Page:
The Role of Context on Age of Acquisition Effect: Strategic Control in Word Naming in Turkish

The Role of Context on Age of Acquisition Effect: Strategic Control in Word Naming in Turkish

Ilhan Raman (Middlesex University, UK)
Copyright: © 2018 |Pages: 30
DOI: 10.4018/978-1-5225-4009-0.ch002
OnDemand PDF Download:
List Price: $37.50


Processes involved in converting print to sound are reported to be flexible and under the strategic control of skilled readers even in transparent orthographies. In this respect, word frequency effect, regularity, and lexicality have been the topic of much research and debate in understanding how context is involved in the emergence of strategies. However, whether age of acquisition (AoA) effects are influenced by context and under the strategic control of readers have yet to be established. A series of single-word naming experiments addresses this issue and examines the role of filler type critically manipulated on lexicality, frequency, and imageability on the size of AoA effect in word naming in an entirely transparent orthography. Overall, results, which are discussed within the current theoretical frameworks, suggest that context plays a significant role on AoA.
Chapter Preview


It has long been acknowledged that readers can attune their reading strategies in response to task demands as determined by context (e.g. Frederiksen & Kroll, 1976; Baluch & Besner, 1991; Paap & Noel, 1991; Rastle & Coltheart, 1999). An example of this flexibility in selecting the most effective strategy is observed when the effect of word frequency is eliminated when subjects name words and nonwords mixed together in a single block. Historically, this phenomenon reported in English and other orthographies had been explained within the dual-route model of reading (e.g., Baluch & Besner, 1991; Coltheart & Rastle, 1994; Monsell, Patterson, Graham, Hughes, & Milroy, 1992; Raman, Baluch & Sneddon, 1996; Rastle & Coltheart, 1999; Reynolds & Besner, 2005; Tabossi & Laghi, 1992; Zevin & Balota, 2000). According to the dual-route model generation of phonology can take place via two qualitatively distinct routes: namely the lexical and the nonlexical route (e.g. Coltheart, 1978; Coltheart and colleagues, 1993; 1999). What characterizes these two routes is that while the nonlexical phonology can be ‘assembled’ via rules, assumptions about generating phonology via the lexical route is twofold: One way to generate lexical phonology is assumed to be via the direct orthography-to-phonology, OP, route where words’ phonology is directly ‘addressed’. A second way of generating lexical phonology is assumed to be via the orthography-to-semantics route where a word’s meaning is activated for the purpose of generating phonology. Some dual-route theorists have argued that the dual-route model is in effect a three-route model, whilst, it is generally assumed that the impact of the semantic route on single-word naming in skilled reading is minimal (e.g. Besner, 1999; Besner & Smith, 1992). This is because the general consensus within the dual-route framework (in terms of RTs) is that attaining phonology from print via the semantic route is the slowest of the two routes. It is further assumed that the involvement of the semantic route in computing words’ phonology is only facilitated when words’ semantic characteristics such as imageability is involved. However, it must be highlighted that systematic investigation of imageability effects in single-word naming is not a widely explored issue in English with the exception of several papers (Strain, Patterson, & Seidenberg, 1995; Hino & Lupker, 1996) and to date just a handful of papers have been reported on other writing systems, e.g. Persian (Baluch & Besner, 2001) and Turkish (Raman & Baluch, 2001). In summary, semantics is assumed to contribute to the computation of phonology from print in orthographies with inconsistent and/or irregular OP representations, such as English and opaque Persian, but not in orthographies with entirely consistent OP representations such as Turkish. It would be naïve to assume that there is no semantic involvement in reading entirely transparent orthographies as semantic information ought to be utilized in order to extract meaning during reading. When OP mappings are entirely transparent, however, the input from semantics in decoding OP mappings that are exception to the rule becomes redundant. Therefore, the claim here is that semantics develops and exerts itself differentially as a function of orthographic transparency across different languages. Indeed, evidence for this claim was presented in Turkish (Raman & Baluch, 2001) and Persian (Baluch & Besner, 2001).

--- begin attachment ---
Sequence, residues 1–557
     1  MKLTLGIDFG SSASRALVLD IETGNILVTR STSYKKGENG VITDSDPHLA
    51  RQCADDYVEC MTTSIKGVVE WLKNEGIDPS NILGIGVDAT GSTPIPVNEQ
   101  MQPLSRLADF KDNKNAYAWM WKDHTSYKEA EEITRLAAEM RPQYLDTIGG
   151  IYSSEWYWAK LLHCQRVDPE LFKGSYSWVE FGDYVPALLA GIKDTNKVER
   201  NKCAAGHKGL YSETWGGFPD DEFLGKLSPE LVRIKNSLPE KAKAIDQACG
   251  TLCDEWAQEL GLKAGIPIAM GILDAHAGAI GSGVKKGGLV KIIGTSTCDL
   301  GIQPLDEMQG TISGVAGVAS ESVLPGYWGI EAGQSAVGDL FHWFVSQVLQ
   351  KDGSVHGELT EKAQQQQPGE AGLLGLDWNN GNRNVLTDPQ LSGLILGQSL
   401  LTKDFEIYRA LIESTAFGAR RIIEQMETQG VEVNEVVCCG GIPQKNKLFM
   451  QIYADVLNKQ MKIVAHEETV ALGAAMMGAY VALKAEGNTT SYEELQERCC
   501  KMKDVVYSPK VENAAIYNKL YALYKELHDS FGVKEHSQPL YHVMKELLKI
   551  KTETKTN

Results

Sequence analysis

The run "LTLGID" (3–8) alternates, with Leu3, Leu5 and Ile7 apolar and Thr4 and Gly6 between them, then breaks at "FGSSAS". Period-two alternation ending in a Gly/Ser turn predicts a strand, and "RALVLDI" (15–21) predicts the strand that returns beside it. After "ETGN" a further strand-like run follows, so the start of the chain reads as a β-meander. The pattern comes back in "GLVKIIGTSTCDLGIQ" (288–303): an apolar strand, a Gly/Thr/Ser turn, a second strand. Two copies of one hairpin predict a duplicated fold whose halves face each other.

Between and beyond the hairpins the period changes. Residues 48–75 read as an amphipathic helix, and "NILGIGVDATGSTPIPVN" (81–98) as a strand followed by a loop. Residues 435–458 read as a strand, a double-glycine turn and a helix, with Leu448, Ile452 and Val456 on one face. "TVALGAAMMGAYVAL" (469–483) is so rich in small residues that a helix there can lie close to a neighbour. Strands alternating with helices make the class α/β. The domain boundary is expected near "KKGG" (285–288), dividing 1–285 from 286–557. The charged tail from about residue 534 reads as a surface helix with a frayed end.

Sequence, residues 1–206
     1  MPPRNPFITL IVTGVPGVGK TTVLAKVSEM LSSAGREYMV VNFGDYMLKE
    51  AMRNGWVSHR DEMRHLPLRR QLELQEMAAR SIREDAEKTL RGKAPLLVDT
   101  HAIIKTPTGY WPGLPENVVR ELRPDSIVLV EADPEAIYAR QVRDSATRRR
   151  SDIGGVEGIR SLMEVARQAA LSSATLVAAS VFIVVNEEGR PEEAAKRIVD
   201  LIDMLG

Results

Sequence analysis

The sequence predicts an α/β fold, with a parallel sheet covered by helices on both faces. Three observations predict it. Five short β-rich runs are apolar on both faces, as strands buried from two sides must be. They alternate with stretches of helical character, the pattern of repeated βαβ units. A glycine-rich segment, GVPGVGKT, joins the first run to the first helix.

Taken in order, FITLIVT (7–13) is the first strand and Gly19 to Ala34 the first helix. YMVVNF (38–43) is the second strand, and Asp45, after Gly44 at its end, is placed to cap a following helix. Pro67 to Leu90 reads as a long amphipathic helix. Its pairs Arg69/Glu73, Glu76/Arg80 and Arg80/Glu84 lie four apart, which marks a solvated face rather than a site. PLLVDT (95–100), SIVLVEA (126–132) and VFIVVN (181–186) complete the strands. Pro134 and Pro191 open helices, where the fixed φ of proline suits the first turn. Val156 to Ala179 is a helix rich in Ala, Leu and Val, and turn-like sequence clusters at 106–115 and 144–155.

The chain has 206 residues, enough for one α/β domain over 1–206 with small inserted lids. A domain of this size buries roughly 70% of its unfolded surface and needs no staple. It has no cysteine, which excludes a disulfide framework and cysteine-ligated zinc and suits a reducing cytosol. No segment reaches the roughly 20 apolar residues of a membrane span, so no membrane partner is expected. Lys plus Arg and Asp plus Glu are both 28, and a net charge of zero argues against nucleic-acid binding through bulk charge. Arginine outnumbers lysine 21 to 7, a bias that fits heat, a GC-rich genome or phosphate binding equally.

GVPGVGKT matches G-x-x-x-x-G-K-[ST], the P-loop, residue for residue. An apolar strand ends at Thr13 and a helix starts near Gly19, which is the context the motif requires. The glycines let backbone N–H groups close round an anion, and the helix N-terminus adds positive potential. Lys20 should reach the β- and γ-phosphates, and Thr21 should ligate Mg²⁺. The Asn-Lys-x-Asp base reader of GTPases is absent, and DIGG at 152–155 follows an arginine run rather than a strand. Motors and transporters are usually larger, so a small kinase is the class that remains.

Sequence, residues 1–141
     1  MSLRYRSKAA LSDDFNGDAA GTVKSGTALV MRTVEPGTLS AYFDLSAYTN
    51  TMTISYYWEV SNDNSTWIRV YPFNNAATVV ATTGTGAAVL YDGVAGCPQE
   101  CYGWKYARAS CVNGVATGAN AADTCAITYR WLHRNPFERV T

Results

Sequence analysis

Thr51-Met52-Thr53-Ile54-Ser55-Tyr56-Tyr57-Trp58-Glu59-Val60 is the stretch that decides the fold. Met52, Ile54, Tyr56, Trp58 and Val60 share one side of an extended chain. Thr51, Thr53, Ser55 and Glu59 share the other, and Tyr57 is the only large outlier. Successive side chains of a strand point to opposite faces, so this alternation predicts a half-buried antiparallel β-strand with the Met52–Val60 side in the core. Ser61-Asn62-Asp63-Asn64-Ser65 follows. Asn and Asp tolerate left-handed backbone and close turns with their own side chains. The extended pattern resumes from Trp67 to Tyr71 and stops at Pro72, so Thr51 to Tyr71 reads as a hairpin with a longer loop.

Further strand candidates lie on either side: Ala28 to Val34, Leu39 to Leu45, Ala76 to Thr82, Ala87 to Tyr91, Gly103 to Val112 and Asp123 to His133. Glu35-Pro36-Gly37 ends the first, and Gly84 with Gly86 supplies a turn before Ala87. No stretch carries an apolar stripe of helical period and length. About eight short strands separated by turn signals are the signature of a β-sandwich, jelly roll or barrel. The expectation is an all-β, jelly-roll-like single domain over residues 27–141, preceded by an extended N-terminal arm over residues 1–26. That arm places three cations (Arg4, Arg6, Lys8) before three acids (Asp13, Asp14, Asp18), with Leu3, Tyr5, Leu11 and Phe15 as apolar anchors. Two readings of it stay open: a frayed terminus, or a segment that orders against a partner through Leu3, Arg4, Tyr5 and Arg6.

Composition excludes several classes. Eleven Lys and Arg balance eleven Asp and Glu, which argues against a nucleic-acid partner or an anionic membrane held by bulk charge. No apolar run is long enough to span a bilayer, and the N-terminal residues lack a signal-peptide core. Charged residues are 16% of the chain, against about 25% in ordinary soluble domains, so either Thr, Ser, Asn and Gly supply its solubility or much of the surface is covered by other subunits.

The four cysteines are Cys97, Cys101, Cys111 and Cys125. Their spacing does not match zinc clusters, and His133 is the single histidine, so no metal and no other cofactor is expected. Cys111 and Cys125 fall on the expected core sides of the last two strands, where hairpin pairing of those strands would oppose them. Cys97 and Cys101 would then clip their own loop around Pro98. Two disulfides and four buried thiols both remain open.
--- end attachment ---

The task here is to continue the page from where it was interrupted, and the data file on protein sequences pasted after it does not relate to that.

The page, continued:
Complete Chapter List

Search this Book: